# How to numerically calculate the transition dipole integral in periodic systems?

Now I have wave functions $$\psi_a$$ and $$\psi_b$$ of two states in Gaussian CUBE format. I'd like to evaluate the transition dipole moment integral $$\pmb\mu$$ between these two states. As my simulation cell is cubic periodic with length of $$L$$, I will need the Berry phase formula to calculate $$\pmb\mu$$: $$\pmb\mu= \rm{IMAG}\; \rm{LOG}\; \langle \psi_a|\exp(\it i\frac{2\pi}{\it L}\pmb r)|\psi_b\rangle\;$$ My implementation is as follows: $$n$$ is the number of grid points of CUBE file in each direction. $$b$$ is the step length. So the lattice constant $$L$$ is $$nb$$. $$\pmb r$$ is the coordinate. psi_a and psi_b are the volumetric data which are changed to 1D arrays. $$dd=\exp(i2\pi \pmb r/L)$$.

However, the above implementation didn't give me correct numbers as I expected. So please can anyone help me point out the problems of the implementation?

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• Would you mind properly formatting your question so we can understand it better? Is it $r$ a scalar or the position vector? It seems that you are using a midpoint integration rule, what happens when you increase the number of points? – nicoguaro Apr 3 at 22:32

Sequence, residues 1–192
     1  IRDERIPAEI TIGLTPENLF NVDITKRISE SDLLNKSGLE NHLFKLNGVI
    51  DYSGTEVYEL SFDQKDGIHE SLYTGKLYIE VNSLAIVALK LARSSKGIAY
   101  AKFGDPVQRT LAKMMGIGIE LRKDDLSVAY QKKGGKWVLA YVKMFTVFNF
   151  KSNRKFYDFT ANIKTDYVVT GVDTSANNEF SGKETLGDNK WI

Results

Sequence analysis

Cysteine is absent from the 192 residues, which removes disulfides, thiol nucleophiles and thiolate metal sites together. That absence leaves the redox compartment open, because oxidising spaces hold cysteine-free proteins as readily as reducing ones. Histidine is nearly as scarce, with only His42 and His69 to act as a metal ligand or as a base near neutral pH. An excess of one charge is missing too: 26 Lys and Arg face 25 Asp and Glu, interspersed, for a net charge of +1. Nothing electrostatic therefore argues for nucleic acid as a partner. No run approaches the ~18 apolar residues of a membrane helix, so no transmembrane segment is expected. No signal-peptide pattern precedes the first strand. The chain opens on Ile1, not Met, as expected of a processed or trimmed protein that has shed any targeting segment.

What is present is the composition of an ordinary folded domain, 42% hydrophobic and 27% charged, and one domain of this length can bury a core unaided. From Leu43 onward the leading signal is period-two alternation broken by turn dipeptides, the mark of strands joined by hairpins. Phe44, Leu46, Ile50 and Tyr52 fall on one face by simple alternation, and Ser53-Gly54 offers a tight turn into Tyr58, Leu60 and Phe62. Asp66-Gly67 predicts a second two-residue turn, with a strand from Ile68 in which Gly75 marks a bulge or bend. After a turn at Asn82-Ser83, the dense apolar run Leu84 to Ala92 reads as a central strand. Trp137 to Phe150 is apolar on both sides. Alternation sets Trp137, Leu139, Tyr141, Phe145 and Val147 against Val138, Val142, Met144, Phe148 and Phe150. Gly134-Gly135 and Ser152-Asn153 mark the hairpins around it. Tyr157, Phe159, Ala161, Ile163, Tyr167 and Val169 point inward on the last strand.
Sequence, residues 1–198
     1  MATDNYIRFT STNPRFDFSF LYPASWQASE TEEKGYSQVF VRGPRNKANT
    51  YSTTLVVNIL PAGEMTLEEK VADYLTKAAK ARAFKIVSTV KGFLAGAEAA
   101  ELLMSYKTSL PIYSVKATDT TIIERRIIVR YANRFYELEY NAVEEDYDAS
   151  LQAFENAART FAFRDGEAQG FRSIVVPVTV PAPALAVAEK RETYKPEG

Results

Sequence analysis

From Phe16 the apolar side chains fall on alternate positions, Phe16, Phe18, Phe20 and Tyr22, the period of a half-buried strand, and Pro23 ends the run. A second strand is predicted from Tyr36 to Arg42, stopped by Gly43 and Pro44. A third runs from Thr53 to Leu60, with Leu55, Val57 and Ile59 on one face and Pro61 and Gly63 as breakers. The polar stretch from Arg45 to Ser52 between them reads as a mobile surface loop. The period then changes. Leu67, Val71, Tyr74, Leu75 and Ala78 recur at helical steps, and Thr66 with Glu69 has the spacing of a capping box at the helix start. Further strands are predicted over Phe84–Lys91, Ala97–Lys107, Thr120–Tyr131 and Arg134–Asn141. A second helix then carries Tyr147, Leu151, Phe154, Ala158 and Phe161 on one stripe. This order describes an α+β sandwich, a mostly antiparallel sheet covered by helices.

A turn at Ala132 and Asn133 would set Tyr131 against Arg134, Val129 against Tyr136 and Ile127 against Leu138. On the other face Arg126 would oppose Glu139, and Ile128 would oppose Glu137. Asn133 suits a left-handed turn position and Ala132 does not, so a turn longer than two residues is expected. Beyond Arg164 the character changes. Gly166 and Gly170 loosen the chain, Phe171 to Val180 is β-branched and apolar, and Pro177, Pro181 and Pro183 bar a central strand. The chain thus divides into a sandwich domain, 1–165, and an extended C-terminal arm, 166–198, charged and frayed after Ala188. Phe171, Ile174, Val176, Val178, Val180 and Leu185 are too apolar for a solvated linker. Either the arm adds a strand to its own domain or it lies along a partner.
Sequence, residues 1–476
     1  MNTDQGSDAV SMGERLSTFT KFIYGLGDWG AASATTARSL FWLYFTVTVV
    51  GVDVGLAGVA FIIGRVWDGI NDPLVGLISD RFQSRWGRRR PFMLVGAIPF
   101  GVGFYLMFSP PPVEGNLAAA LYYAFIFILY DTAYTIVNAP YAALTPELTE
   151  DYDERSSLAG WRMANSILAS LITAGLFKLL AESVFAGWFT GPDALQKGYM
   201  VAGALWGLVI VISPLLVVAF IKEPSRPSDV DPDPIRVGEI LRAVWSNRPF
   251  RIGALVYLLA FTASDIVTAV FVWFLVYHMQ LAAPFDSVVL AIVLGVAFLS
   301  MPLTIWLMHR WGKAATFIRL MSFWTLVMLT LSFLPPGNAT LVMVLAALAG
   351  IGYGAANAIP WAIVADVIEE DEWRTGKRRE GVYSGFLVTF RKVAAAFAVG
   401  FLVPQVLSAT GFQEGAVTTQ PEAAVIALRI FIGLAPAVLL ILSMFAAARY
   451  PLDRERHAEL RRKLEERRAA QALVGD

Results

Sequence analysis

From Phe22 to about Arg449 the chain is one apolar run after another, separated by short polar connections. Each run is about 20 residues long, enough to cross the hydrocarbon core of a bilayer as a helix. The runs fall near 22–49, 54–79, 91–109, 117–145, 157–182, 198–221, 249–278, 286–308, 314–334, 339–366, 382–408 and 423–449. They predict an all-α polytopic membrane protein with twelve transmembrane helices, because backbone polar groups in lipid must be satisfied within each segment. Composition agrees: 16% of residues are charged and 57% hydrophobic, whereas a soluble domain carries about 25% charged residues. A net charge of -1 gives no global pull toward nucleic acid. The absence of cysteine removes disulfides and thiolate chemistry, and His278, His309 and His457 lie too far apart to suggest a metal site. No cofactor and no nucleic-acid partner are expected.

• r is the position vector. The result changes when the points are increased. However, using similar implementation for the integral <psi_a | r | psi_b> which is the length form of the transition dipole moment, the result is insensitive to the points. So do you think the wrong result is due to the inaccurate numerical integration? – xmW Apr 4 at 3:13
• Don't you need the conjugate of psi_a in your sum? – Bort Apr 4 at 9:49
• psi_a and psi_b are all real in my case. – xmW Apr 4 at 13:42